Today, formal triage includes collecting a chief complaint, acuity score, and deciding on the best location for a patient to go. But it also includes a history, screening for influenza-like-illness, a focussed physical, past medical history, medication reconciliation, and a whole bunch of other duties. Large hospitals often employ 4 triage nurses to manage packed departments.

Patients just want a diagnosis and treatment as efficiently as possible. They do not go to the ED to endure processes of questionable benefit. Triage needs to change.

Patient Flow

Most of the time, providers inhibit patient flow. We batch tasks, work inefficiently, or we just get overwhelmed and slow down. Decreased patient flow causes increased length of stay which results in increased workload. There is no excuse for people doing “a really good job” by spending 45 minutes educating one patient, while everyone else waits for care.

At the same time, we cannot confuse great flow with cutting corners, going really fast, and providing inadequate, low quality service and care. We need to do fast things fast and slow things slow.

The Institute for Clinical Evaluative Sciences outlined quality indicators for emergency care. They found evidence for 48 indicators: 23 are related to time, and 16 are entirely time-based, e.g., time to antibiotics, time to ECG, or time to thrombolysis.

For emergency care, time equals quality. In other settings, “quality” balances effective, safe, patient-centred, timely, efficient, and equitable care. But the ED is different.

No matter how ‘great’ care you provide when patients finally receive it, if you make patients wait for hours, by definition, you deliver low quality care.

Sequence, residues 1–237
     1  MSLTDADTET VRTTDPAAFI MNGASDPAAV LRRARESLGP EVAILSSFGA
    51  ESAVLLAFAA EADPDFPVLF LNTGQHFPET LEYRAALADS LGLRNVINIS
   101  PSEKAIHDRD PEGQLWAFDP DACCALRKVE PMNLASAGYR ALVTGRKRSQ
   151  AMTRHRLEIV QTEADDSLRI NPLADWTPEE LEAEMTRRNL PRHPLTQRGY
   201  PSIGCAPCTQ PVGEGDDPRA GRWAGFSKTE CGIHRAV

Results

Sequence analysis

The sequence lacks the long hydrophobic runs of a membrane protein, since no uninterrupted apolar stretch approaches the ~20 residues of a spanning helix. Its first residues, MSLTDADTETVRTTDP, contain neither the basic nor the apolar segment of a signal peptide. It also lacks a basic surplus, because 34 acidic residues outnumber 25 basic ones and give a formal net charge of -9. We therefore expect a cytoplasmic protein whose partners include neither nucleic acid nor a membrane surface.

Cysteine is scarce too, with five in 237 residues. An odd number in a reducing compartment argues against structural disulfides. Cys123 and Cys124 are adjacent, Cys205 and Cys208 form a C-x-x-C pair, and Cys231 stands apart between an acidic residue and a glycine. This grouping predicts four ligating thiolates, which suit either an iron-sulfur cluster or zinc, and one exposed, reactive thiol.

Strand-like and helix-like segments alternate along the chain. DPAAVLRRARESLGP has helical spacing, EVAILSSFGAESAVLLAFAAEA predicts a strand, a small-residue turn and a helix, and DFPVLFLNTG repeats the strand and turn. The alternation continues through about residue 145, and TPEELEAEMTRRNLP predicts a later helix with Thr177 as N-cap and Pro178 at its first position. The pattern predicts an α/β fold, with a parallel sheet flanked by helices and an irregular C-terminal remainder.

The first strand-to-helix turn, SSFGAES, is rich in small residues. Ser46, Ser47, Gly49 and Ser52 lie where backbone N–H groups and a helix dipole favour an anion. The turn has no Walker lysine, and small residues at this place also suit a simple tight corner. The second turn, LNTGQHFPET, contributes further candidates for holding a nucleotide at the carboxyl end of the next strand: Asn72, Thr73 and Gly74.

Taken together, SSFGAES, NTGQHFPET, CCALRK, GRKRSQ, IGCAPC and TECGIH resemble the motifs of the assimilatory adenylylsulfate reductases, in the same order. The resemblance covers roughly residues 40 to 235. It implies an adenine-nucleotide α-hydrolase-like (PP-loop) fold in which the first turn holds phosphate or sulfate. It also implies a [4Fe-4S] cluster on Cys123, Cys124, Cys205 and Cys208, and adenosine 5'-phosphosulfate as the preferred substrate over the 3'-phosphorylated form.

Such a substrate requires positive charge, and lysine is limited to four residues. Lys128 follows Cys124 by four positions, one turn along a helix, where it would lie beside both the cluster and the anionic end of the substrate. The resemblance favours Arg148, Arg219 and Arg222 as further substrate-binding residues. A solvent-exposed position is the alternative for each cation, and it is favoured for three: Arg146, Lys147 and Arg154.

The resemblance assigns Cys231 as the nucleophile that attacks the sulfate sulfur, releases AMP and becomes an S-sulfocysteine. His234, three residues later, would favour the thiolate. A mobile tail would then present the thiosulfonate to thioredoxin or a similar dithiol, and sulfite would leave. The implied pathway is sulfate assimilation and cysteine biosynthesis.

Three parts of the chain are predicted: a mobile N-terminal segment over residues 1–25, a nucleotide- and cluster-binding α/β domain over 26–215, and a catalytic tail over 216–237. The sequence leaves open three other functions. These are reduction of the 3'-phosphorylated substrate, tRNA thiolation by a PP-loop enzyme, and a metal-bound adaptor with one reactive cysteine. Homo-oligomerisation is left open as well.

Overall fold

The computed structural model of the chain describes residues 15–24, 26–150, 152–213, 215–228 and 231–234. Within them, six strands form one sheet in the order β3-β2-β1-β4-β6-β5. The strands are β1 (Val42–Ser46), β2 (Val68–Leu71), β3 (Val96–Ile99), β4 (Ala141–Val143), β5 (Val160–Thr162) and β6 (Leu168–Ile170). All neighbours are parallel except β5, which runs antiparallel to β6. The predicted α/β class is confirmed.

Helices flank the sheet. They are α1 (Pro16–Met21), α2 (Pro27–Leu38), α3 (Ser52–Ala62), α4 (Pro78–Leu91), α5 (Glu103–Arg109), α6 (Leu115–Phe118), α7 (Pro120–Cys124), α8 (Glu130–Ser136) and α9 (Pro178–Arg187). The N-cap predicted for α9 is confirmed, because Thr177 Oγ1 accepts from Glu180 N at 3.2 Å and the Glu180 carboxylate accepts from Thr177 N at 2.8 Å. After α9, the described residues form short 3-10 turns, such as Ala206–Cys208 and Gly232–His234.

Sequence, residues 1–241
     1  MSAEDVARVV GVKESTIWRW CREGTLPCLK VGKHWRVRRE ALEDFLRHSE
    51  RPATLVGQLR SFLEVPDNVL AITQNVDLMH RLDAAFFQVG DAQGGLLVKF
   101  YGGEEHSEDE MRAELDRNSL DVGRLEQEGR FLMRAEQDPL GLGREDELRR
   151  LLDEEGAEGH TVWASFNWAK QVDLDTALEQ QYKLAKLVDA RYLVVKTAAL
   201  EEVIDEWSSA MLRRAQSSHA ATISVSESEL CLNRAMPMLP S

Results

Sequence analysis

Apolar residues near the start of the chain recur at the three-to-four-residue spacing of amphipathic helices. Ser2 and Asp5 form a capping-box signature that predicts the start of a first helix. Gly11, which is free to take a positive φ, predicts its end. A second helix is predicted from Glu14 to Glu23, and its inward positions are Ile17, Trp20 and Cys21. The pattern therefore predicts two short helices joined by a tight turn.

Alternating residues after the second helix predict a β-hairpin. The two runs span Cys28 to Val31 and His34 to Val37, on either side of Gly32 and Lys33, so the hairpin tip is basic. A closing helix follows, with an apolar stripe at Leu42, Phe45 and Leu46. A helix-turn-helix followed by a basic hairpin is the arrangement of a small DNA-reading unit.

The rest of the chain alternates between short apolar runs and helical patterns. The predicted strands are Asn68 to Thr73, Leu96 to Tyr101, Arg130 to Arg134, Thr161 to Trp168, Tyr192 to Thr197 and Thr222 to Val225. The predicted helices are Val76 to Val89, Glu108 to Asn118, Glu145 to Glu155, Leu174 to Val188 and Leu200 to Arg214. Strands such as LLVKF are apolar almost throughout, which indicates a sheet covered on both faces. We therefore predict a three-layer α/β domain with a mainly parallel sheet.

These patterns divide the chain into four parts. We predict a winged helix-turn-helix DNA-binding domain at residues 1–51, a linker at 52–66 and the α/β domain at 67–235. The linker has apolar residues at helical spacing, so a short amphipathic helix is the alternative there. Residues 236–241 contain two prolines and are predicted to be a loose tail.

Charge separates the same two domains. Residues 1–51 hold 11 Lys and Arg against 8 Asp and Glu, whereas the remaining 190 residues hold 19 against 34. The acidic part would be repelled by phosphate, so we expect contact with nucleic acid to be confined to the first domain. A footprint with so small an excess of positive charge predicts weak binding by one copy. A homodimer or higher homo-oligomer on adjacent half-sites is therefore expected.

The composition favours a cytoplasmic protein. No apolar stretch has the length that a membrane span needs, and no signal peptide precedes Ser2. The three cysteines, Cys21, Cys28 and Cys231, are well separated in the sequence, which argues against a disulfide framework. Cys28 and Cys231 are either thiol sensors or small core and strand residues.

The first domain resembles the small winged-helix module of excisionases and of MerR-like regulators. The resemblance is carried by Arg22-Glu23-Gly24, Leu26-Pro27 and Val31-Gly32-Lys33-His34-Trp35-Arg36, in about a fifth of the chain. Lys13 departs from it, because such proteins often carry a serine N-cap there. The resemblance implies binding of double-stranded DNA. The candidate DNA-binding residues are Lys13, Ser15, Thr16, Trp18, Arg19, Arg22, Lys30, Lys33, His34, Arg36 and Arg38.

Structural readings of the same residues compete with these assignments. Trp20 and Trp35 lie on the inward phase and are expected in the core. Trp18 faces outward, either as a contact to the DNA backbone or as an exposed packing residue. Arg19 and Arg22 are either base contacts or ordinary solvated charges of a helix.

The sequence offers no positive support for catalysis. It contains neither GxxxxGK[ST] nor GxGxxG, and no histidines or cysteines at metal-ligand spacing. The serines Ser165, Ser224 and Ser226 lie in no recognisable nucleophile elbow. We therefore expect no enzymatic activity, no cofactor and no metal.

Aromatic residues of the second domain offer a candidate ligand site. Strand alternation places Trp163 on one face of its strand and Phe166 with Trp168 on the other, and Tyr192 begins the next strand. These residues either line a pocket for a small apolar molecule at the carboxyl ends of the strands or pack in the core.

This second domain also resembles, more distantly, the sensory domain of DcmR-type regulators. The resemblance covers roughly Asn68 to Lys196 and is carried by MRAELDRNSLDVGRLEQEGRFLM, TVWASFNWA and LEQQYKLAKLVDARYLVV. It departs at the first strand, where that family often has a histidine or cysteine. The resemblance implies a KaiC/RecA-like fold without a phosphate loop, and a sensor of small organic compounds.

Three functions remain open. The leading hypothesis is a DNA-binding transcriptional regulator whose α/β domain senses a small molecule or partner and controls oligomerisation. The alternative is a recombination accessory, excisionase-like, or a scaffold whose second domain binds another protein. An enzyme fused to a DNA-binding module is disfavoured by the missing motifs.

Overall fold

Historic Triage

We need to triage patients IN to the department and not back OUT to the waiting room. A skilled nurse can collect a chief complaint, assign an acuity score, and decide on the best location for a patient in 1-2 minutes. The rest of of the triage nurses can work inside the department providing care.

That leads us to the next chapter: Step 2 – Close the Waiting Room.

I hope you get a chance to discuss these ideas with your colleagues. If you have comments, comments and suggestions, leave them below or email me, so we can discuss them in the next blog / podcast. Thank you!

photo credit: Blue Microphones Yeti USB Microphone, Blackout on

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Politics and Wait Times (podcast)

Shawn and Jason 2016Dr. Jason Profetto made me squirm with tough questions on his podcast. Please let me know if I said anything crazy.

We discussed politics and wait times…even rectal exams.

This interview offers a great introduction to the content of No More Lethal Waits.

Episode 14: A Chat with Shawn Whatley

Jason asked what one thing needs to change to fix wait times. He tried to pin me down. Who makes a bigger impact: Concerned Ontario Doctors or the Ontario Medical Association?

He did a great job. I hope you enjoy the exchange!